A noted Harvard neuropsychologist, Karl Lashley, spent a lifetime looking for such engrams in the brains of animals after they had learned specific skills, but he failed to find any physical trace of their learning and finally concluded, tongue in cheek, that "learning just is not possible at all."

The electrical theory fizzled when it was shown that animals retained their memories despite the worst that scientists could inflict on them -- freezing, electroconvulsive shock, anesthesia or other miseries which also disrupted the electrical activity of the animals' brains. Clearly memory had to have a chemical component to enable it to survive such treatment. It soon appeared that only older memories were invulnerable, however. New skills, which rats or fish had learned minutes earlier, could be wiped out by electroconvulsive shock, or even by chemicals which prevented the formation of new protein.

This led scientists to conclude that there must be several kinds, or stages, of memory; long-term memory, short-term memory and probably several others in between. New information must be registered in some-fashion, then retained for various lengths of time and finally retrieved. But to this day, nobody knows how these processes occur, or how they relate to one another. Nor, for that matter, do scientists understand how anybody forgets information, once it had been registered in the brain. When researchers discuss these questions, they often bring up the tragic case of a man known to all medical students through his initials, H. M. As the result of a brain operation, H. M., who is now in his mid-50s, lost the ability to make new memories in 1953. At the time of operation, he was only 26 years old. He had suffered from epilepsy for years, but his attacks had become increasingly frequent and severe, and although he was taking nearly toxic doses of drugs, he had had to quit his job with an electric motor company. Nothing seemed to help him.

Finally, a neurosurgeon suggested cutting out parts of his temporal lobe (the area around his ears and temples) to relieve him of the attacks. Operations of this kind had been done before, but because H. M.'s case was so severe, the surgeon cut unusually far into his brain, removing a small structure, the hippocampus, from each side. No one knew then what functions the hippocampus served. Now -- too late for H. M. -- it has become clear that this three-centimeter structure, which is shaped like a sea horse, holds the key to all new memories.

Something the hippocampus does is crucial to forming a permanent record of events. Having lost it, H. M. lives permanently in the past. He cannot recognize his next-door neighbor, because his parents moved to his present house shortly after his operation. He does not recognize his doctors. Unlike some victims of amnesia, he remembers his background very clearly. However, everything new vanishes from his mind so quickly -- within minutes -- that his own life since 1953 remains a total blank.

While researchers agree that the hippocampus plays a crucial role in memory, they differ in the interpretation of it. Some believe that short-term memories must be "consolidated" through a chemical process in order to become permanent memories and that this process depends on the hippocampus. H. M. would then be unable to consolidate what he had learned. Other researchers question whether H. M. can, in fact, learn anything without a hippocampus, even for a short time; perhaps the hippocampus is essential to registering or encoding memory traces in the proper way.

H. M. represents an extreme case, but many old people also forget what they have read in the morning's newspaper, though they remember the past very vividly. The big difference, of course, is that H. M. lost large portions of his brain, while, through aging, people lose only some brain cells. Therefore, there is good reason to hope that drugs which make their remaining brain cells work more efficiently may help older people regain their lost ability. This is the rationale behind much of the work with lecithin.

If the current research with memory drugs proves fruitful, millions of active and otherwise healthy people who have only slight problems with their memory my benefit immensely. At the same time, persons with serious memory defects may be helped a little.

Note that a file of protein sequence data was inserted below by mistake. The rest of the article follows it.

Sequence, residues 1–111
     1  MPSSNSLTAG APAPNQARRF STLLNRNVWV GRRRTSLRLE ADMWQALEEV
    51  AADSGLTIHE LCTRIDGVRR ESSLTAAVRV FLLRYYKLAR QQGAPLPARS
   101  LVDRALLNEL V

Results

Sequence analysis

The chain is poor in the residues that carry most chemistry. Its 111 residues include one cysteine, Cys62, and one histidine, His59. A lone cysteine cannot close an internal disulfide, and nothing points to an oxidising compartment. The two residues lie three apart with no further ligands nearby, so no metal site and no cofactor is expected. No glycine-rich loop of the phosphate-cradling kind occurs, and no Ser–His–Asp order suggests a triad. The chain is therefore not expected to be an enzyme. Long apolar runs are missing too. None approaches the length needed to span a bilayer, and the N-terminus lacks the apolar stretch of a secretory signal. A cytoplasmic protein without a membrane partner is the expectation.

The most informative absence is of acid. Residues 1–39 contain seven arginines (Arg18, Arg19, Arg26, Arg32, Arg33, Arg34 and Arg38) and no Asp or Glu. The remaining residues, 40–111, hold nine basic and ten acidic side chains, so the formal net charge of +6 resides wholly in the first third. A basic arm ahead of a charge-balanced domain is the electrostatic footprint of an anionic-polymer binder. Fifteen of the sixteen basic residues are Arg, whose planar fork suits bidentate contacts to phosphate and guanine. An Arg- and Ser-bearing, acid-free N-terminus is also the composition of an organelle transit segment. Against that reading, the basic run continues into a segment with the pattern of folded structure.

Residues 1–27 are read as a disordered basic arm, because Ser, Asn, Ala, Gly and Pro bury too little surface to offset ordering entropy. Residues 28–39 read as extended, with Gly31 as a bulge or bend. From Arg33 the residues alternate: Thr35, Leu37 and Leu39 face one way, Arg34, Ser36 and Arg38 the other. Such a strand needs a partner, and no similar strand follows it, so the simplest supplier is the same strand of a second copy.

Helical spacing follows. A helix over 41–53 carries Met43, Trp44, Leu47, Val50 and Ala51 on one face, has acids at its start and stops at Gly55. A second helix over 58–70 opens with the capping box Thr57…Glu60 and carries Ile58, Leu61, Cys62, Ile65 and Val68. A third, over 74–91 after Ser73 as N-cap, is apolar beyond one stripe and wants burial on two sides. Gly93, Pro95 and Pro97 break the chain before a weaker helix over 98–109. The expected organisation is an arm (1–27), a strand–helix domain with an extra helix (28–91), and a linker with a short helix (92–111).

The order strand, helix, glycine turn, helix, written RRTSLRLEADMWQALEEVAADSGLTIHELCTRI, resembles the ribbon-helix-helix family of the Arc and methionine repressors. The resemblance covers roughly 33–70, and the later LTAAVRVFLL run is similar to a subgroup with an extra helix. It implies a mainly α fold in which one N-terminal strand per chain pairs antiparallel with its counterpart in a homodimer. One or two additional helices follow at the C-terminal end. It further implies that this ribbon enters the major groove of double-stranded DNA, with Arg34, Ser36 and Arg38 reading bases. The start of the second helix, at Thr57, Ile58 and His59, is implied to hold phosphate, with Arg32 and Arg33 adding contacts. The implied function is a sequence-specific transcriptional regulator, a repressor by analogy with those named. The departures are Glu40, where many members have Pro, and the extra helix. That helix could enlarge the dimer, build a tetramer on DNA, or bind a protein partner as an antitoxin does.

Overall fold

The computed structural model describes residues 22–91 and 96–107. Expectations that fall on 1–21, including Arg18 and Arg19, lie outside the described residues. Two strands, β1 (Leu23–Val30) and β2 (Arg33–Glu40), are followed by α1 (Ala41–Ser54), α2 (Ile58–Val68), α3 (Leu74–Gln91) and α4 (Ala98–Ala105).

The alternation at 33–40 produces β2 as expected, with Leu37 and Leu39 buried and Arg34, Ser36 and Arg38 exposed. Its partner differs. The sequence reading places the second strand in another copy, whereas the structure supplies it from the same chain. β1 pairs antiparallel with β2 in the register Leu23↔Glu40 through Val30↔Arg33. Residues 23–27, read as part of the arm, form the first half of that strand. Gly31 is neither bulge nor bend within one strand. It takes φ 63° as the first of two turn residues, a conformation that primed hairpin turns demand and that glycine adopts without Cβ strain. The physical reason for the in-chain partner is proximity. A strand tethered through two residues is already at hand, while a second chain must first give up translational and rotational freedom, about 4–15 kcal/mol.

In addition to lecithin, a dozen drugs are now being tested for their effects on memory; derivatives of vasopressin, a hormone which plays a role in water retention, are given by nasal spray and have produced small memory increases in some volunteers. Piracetam, a curious drug whcih has been marketed in Europe since the early 1970s specifically for the improvement of memory, is said to have helped some English students who were studying for an exam. Several vasodilators, which improve celebral circulation, several stimulants and a totally new compound, PRL-8-53, which is said to affect not just one, but three, of the brain's neurotransmitters, are among those being tested.

It's a sort of horse race, and most on the research teams involved are working with more than a single drug. After studying choline and starting work on piracetam, for instance, Millhauser Laboratories at N. Y. U. Medical Center is now planning studies of lecithin and vasopressin.

At Creighton University in Omaha, Neb., Nikolaus R. Hansl, a 'neruopharmacologist, has been trying PRL-8-53 on college students and some professors. He reports that when these volunteers were asked to recall a list of words one day after hearing it, their recall was 32.5 percent better after taking the drug than after the placebo, an unusually high increase. The volunteers' serial memory (their recall of words in the correct order ) increased even more -- by 42.7 percent.

Suprisingly, those who remembered least well without the drug improved the most. This was particularly true of people over the age of 30, whose memory of the word list one day after hearing it improved by as much as 108 percent when they had taken the drug.

At NIMH, Weingartner points out that with lecithin, too, the slow learners benefit most, though the increases in memory that are attributed to this substance seldom go beyond 15 percent. "We won't develop super learners this way," he says, "but we may be correcting some memory deficits." NIMH groups are studying lecithin, vasopressin and some other substances. According to Weingartner, not one of these drugs is yet ready for use, however. Too little is known about their effects, especially over the long run.

On the other hand, "there is a lot of activity now, and the research is becoming increasingly sophisticated," he says. "It's no longer enough just to say, 'Aha, I got a response!' Now we are asking what system in the brain is affected. We want to know how various drugs mimic or model pathological states, and how other drugs reverse them. Then we will have a matrix, and it will be much like solving a set of differential equations."

In many ways, then, researchers are zeroing in on chemicals that could help to keep one's memory sharp. "Memory pills" which would prevent some of the memory losses of middle age no longer seems so remote; after all, they may turn out to be just food supplements, much like vitamins. If so, soon we may all be taking them, perhaps in the form of chocolate balls.